When I was in Lynn Emanuel’s workshop in graduate school, she used to have us write toward the thing we didn’t like. To write a “Bad Poem” about it even. To write as many bad poems as we needed. Dull lists of our angers and frustrations. It usually had a salutary effect. Who or what is the adversary? Exhaustion? Fear? Ignorance? Discomfort? Laziness? Grief? Anger? A Fear of Being Awful or Trivial or Disenchanted or Mary Oliver or John Ashbery or Doctor Seuss?  Write each fear its own ode, maybe a line a day for a month, for a year.

Of course, how do I turn that assignment on myself in order to workout, or to help my friend who is afraid of falling on ice? To walk deliberately slow maybe, as opposed to trying to be brave and trying to walk normally? To work out deliberately slowly maybe–five minutes on the lowest setting of the treadmill maybe? So far, I’ve been going easy on the ellipticals at the beginning and finding that my body begins to want to go longer.  This morning I started with a song on my iPhone that is the song my husband and I chose for our marriage song, Peter Gabriel’s The Book of Love. “The Book of Love is long and boring,” it begins…and then turns “but…” and the song begins to summon something out of me that still surprises me sometimes: hope, energy, love.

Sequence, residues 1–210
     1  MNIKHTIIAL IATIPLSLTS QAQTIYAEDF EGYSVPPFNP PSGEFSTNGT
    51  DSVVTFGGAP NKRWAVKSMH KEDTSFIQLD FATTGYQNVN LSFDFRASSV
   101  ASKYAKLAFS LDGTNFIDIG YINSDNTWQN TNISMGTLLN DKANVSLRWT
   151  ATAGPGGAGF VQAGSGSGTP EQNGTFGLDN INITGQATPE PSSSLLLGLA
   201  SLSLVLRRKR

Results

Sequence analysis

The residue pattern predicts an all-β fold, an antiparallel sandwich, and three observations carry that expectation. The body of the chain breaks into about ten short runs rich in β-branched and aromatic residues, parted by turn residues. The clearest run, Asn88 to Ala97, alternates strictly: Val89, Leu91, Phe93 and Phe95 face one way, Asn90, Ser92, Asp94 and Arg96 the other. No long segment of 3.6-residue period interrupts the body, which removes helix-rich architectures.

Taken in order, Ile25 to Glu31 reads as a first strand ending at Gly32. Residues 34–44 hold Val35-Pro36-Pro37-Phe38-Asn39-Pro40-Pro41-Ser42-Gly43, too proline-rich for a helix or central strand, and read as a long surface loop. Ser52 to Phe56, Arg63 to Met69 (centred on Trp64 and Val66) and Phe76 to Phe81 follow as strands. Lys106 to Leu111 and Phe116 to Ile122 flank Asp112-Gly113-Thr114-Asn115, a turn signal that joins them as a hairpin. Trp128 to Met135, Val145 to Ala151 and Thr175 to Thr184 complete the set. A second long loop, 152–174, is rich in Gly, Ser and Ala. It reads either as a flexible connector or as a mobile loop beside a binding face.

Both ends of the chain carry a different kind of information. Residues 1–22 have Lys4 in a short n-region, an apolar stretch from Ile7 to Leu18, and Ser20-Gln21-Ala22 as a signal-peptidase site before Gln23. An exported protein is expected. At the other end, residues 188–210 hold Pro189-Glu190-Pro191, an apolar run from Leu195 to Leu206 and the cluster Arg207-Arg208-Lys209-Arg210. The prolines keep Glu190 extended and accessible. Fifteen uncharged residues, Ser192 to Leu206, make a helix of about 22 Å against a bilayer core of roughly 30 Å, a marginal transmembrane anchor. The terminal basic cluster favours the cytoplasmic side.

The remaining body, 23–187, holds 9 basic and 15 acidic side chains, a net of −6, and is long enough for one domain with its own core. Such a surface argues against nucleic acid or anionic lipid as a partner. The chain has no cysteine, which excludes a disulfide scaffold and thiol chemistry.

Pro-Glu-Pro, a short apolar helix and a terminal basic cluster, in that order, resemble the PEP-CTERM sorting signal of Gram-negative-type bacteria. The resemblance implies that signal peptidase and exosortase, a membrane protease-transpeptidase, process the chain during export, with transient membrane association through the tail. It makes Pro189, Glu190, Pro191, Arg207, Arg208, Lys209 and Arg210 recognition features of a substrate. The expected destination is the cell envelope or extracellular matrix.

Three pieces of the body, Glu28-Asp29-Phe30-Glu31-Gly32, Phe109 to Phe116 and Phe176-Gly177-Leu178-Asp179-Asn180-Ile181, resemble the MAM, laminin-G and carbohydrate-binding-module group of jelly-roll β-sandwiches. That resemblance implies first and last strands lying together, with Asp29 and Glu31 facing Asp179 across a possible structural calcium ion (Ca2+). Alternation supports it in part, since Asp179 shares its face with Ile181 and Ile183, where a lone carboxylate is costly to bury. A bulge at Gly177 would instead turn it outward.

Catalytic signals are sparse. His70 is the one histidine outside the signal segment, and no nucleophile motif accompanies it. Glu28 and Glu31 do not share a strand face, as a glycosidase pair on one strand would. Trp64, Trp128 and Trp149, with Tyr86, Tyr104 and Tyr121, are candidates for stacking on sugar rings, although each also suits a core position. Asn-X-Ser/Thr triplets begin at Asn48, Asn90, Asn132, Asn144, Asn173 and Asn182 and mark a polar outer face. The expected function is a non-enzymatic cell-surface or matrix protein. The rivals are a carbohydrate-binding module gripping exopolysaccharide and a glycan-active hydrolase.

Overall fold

What if you made a ritual to write only three sentences every morning? Maybe only enough for a postcard. The sentences could be about the cat or the birds outside the window or that irritating guy at the cafe. Or to write only a list of twenty words that rhyme, or had the short a sound inside them, or wrote one word for each of the letters of the alphabet? What are 26 things that make your life worth living, make it joyful, make it your life? That might be more than enough for a day.

Maintenance: some notes

So, I’ve locked myself out of the house. Luckily I now have this person called a husband to call, who has a set of keys to the house and who will come home at five from work. Also lucky, I didn’t forget my wallet, so I could walk over to a coffeehouse nearby to wait out the time. Why not write a new blog post? I’ve been meaning to write something anyway but just never seemed to find the time to sit down. It’s been a busy fall.

At the moment, the new responsibilities I’ve taken this term as Acting Director have swallowed up the kind of free and open time I’m used to having. At first, being a Director seemed easy, almost a joke. I normally teach three classes a term, but as Director I teach only one. ONLY ONE! I thought. What will I do with all the free time? For most of September, in fact, there was little to do but attend a few meetings, speak authoritatively in a few public spaces.